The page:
July 27th, 2017

Recap: Eats on 118, Bowling Edition

I had such a grand time at the first Eats on 118 in April of this year that I knew I had to sign up for their second event in late June. Su was the perfect dining companion as we ate (and bowled!) our way down the street together.

Organized by Wild Heart Collective, the tours are designed to showcase businesses that may otherwise be overlooked because of the overall reputation of the area. Although I had been to some of the restaurants prior, it’s always interesting to learn more about the people behind the businesses.

We started our evening at Lan’s Asian Grill. Named for their mother, Lan’s is operated by three siblings: Tom manages front of house, Monica ably leads the kitchen, and Vince handles all marketing and photography. They’ve been in business since 2008, and though their parents taught them to be great hosts, they didn’t want them to be restaurant owners. But with several generations of chefs and food entrepreneurs in their family, it was in their blood, and it’s clear that this family is passionate about what they do. Tom shared that they just signed another five year lease, and they’re happy with how the neighbourhood has continued to grow since they moved nearly a decade ago.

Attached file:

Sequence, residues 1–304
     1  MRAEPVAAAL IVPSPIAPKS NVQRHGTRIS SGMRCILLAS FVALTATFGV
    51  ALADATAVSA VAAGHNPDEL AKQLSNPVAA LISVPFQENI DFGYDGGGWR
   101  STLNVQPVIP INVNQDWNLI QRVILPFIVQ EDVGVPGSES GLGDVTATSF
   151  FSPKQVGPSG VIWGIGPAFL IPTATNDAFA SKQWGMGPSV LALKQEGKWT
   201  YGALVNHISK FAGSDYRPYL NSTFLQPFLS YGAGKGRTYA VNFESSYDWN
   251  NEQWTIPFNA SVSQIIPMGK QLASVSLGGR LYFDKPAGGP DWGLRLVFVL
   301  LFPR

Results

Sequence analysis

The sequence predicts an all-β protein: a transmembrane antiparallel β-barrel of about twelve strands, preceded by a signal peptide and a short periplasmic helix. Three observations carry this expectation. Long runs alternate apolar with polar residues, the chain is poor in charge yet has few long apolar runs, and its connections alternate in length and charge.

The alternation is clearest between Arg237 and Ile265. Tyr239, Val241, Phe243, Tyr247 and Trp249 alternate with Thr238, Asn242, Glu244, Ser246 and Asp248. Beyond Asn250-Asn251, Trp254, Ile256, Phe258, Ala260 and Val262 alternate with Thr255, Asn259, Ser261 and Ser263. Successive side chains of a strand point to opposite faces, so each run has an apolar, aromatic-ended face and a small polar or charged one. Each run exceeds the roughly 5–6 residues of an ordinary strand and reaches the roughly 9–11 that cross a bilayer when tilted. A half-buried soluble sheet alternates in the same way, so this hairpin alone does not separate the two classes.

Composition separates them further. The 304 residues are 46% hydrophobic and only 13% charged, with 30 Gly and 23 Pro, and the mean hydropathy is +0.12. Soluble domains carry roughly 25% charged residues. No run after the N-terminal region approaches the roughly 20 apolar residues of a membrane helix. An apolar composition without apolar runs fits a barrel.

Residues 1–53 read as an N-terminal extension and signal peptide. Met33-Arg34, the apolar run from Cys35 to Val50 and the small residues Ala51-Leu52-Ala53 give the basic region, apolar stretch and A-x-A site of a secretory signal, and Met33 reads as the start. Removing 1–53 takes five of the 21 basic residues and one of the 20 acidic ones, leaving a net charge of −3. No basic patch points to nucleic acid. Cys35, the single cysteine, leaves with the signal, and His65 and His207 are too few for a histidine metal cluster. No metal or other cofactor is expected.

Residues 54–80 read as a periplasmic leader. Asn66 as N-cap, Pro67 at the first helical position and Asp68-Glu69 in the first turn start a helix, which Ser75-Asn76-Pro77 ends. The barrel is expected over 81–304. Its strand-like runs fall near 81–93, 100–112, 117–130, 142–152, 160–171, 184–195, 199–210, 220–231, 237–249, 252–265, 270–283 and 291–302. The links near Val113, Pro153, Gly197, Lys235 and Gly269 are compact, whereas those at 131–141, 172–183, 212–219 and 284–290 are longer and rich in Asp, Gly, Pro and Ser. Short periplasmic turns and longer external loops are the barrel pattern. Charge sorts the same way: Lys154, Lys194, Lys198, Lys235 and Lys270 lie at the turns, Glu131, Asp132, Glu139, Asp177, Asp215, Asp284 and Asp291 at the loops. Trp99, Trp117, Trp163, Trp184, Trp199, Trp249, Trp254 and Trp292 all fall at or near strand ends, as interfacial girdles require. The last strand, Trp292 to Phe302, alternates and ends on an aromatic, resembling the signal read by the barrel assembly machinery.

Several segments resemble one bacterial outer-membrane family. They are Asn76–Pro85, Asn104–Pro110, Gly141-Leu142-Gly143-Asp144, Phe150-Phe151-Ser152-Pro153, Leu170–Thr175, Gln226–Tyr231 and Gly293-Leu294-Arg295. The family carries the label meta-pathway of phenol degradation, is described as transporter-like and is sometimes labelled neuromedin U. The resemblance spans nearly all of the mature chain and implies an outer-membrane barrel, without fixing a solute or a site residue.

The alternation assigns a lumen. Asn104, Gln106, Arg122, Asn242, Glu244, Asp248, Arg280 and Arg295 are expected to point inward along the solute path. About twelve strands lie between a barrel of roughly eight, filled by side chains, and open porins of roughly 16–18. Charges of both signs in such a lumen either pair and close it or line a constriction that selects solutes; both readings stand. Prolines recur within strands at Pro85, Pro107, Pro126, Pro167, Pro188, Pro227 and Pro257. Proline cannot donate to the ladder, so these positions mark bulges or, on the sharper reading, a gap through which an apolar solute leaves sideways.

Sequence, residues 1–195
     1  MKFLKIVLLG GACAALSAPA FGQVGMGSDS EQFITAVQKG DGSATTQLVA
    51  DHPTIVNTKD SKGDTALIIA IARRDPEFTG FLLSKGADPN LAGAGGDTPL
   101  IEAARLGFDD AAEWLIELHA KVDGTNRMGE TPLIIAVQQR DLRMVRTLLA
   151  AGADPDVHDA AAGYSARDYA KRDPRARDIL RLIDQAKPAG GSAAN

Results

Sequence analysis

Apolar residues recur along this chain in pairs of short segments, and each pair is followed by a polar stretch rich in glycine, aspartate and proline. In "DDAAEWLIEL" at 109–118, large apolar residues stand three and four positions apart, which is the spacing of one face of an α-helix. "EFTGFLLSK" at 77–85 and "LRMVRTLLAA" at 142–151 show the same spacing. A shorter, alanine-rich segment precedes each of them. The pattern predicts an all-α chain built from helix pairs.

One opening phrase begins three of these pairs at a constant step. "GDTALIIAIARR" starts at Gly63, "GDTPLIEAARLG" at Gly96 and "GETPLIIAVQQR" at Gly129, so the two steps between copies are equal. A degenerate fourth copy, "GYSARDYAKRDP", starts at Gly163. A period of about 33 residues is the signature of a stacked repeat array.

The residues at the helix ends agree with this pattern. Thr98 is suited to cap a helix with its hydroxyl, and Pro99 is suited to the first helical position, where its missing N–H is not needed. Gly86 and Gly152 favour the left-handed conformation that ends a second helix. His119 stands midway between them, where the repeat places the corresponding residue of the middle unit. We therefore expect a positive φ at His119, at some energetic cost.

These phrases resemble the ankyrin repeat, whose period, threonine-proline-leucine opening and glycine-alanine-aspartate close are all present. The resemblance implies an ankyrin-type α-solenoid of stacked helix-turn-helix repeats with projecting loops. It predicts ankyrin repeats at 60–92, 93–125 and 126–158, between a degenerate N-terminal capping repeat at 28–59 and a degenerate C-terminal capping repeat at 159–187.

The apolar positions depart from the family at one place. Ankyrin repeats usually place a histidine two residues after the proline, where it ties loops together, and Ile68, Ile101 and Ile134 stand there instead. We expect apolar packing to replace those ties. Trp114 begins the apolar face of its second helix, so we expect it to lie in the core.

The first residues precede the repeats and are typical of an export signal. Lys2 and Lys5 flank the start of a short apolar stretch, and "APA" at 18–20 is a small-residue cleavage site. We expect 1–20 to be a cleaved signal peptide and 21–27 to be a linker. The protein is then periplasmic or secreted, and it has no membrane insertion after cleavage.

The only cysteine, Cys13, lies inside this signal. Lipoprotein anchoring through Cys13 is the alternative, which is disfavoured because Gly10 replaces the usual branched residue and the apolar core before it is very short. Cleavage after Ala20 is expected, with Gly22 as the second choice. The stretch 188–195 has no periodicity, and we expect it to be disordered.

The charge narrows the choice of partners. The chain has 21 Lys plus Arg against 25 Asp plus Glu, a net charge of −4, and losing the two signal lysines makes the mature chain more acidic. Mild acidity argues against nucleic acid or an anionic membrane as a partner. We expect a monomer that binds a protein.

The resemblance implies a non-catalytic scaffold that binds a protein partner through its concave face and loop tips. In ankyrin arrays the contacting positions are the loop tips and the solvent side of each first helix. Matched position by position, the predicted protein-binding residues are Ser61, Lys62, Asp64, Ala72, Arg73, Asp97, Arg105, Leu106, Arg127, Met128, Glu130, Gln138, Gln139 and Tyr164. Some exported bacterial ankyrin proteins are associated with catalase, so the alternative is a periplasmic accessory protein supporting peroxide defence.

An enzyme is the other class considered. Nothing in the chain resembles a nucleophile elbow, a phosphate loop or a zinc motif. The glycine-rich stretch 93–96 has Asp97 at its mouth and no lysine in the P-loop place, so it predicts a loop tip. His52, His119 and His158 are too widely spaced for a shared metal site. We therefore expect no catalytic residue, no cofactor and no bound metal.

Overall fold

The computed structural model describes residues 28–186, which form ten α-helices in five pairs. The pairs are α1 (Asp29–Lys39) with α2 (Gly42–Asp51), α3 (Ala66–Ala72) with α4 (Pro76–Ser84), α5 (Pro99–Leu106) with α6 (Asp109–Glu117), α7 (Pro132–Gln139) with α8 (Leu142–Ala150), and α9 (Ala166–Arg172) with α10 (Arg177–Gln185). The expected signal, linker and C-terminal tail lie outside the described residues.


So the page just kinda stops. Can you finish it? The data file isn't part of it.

Eats on 118

Vince, Monica, and Tom of Lan’s Asian Grill

We sampled several small plates at Lan’s. Everything is made from scratch (so they can manage the dietary restrictions of most diners), and pride themselves in using free range chicken and organic vegetables.

The carrot and green papaya salad was my favourite course – vibrant, crunchy, and refreshing (I had to laugh when Tom said the heat level was “baby spice”, considering it was on the hot side for me).

Eats on 118

Green papaya and carrot salad

We also tried their chicken satay skewers and a lovely dessert of passion fruit and guava panna cotta.

Eats on 118

Passion fruit and guava panna cotta

Our second stop was just around the corner – The Duck (which some may remember as The Blind Duck) is now led by Alex.

Eats on 118

Kirsta Franke of the Wild Heart Collective introduces us to The Duck

He served us a buffet-style Mediterranean spread, including baba ganoush, hummus, and fatayar (meat and spinach pies). Though most items we tried don’t appear on their regular menu, they are often featured as daily specials, and are available through their catering service. Of the samples we tried, the fava bean dip was at the top of my list, creamy and well seasoned.

Eats on 118

Bites from The Duck